This week’s blog post includes a linked audio file. Just click on the link below if you would like to hear the post read aloud. Scroll down to read the text.
Like many parents in Quebec, I’ve been homeschooling my child through this pandemic. The sudden surge in provincial cases, however, left us with no material, administrative support, or curriculum guidance to really operationalize homeschooling. Figuring out a pedagogy that worked for both my child and myself ended up being the easy part. The hard part continues to be deciding what aspects of my education I want to pass on to another generation.
Born and raised in Pakistan, our guest blogger this week, Musarat Yasmin, earned her MA in Applied Linguistics from University of Reading, UK and PhD from Pakistan in collaboration with San Jose University. Since 2014, she has been an Assistant Professor at the University of Gujrat, Pakistan. Her research interests include ESP, TESOL, Education and Technology, Gender and Discourse Analysis. She spent last 12 years on designing curricula for M. Phil Linguistics, ESP courses, and establishing a language centre that offered courses in French, German and English to potential candidates of immigration to Europe and Canada. She also serves as a co-editor for university journal and as a reviewer for several international journals. Besides academic activities, Musarat enjoys traveling and experiencing cultures whenever she finds an opportunity and time. Painting and crafting, her second nature, relax her after any hectic routine.
Covid-19 as a pandemic is not limited to physical illness, mortality, and quarantine. It has effects on the social, psychological, cultural, and economic arenas of daily life. It is not only humans who are contracting viruses, but their whole sphere of life is threatened- the environment they live in, the medium they breathe in—their struggles towards the development of humanity and their progress in the fields of knowledge. The media shows men as a major victim of the pandemic around the globe. But the pandemic in its impact is not limited to just the physical; it is deeply infectious to the psyche as well. Women, especially in religio-patriarchal communities like Pakistan, have become more vulnerable to psychological pressures and strains.
Note: Although the events described in this post are real, the author’s name and the name of the school are pseudonyms.
Dairn Alexandre, our guest blogger this week, works as a teacher in Alberta. He has a Diplôme d’Études Collégiales in Illustration & Design at Dawson College, a Bachelor of Education degree from McGill University, and is currently finishing up a Master of Education degree at Bishop’s University while also continuing to work as an illustrator. Dairn has two paintings on exhibition at the Avmor permanent collection in Montreal; has been a presenter and guest-lecturer at McGill University and at the University of Calgary; and has hosted sessions for Alberta’s Fine Arts Council. He lives with his wife, two kids, and dog.
The drizzle of rain gently marks the cracked concrete leading to the front doors of Deer Creek School. In the twenty years since it first opened, the structure’s once vibrant stucco façade has become worn and faded by the intense Alberta sun, reflecting the battered morale of the school’s staff working tirelessly within it.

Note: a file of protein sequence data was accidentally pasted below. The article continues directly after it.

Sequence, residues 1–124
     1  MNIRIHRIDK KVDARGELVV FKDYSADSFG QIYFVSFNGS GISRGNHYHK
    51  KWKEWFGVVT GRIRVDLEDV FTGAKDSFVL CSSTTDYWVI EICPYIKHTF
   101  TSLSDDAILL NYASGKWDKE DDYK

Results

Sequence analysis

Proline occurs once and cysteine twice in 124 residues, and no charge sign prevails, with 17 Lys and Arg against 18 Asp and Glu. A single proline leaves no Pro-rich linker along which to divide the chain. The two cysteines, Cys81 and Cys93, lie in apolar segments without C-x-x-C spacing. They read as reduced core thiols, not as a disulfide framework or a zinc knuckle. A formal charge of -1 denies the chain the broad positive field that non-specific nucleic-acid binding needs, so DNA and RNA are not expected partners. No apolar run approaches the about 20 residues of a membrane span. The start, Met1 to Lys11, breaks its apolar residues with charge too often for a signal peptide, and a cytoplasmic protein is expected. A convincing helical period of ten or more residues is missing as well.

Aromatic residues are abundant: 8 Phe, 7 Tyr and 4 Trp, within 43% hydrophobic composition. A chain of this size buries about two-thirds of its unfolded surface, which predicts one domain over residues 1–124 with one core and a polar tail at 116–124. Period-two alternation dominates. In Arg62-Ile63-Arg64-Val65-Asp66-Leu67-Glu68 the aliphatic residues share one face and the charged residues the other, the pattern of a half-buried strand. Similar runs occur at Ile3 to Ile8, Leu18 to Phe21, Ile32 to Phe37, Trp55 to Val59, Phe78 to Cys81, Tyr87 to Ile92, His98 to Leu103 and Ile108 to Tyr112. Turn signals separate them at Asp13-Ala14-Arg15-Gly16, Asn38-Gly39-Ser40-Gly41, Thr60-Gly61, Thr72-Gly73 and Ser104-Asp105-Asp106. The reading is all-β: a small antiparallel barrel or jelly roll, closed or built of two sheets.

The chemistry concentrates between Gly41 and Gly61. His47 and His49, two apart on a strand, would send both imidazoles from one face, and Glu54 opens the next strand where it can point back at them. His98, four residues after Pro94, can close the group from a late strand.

Inside, old vandalism peeks through the freshly painted walls of the boys’ restroom; blue and white protective masks can be found soiled and discarded, tucked into the various nooks and crannies around the building; and loose paper leaks from the half-closed binders that rest precariously on the tops of the school’s maltreated desks, spilling onto the empty seats below them. Students can be found crowded together in the playground outside, seemingly unconcerned by the ongoing pandemic raging beyond the boundaries of their school or their teachers’ persistent admonitions to follow the governments’ guidelines for physical distancing. And despite it only being early December, the staff are already becoming exhausted and some are beginning to burn out.
In the Chinese language, the word “crisis” is formed by two characters — 危机 (wéijīin) in simplified Chinese used in mainland China and 危機 in traditional Chinese used mostly in Hong Kong and Taiwan. The word 危 literally means “danger” or “risks”, whereas 机 or 機 means “opportunity”. “Danger-opportunity”: Can we get more paradoxical than that?
Many language teachers have been struggling to transfer communicative and interactive language classes to rigid online realities, with varying degrees of success, myself included. Teaching to 30 black squares on Zoom with the occasional thumbs-up emoji or a few students who do have cameras on does not really seem like the ideal environment for learning a language, let alone anything else. Back in March, I wrote a post about why in-person learning is so important, and while I have come to see that teaching online certainly has some benefits for both students and teachers, I am still staunchly “for” a return to in-person learning as soon as it is safe to do so. Now more than ever, I understand the importance of the classroom as a social space where students and teachers connect and create a sense of belonging. I teach college level students on a semester basis, so the relationships I build with my students are of a short duration, but they are important to me nonetheless – and, I believe, to my students. These days, as I peer curiously into the little black Zoom squares, I have a growing concern about the emotional and mental states of the kids behind the cameras.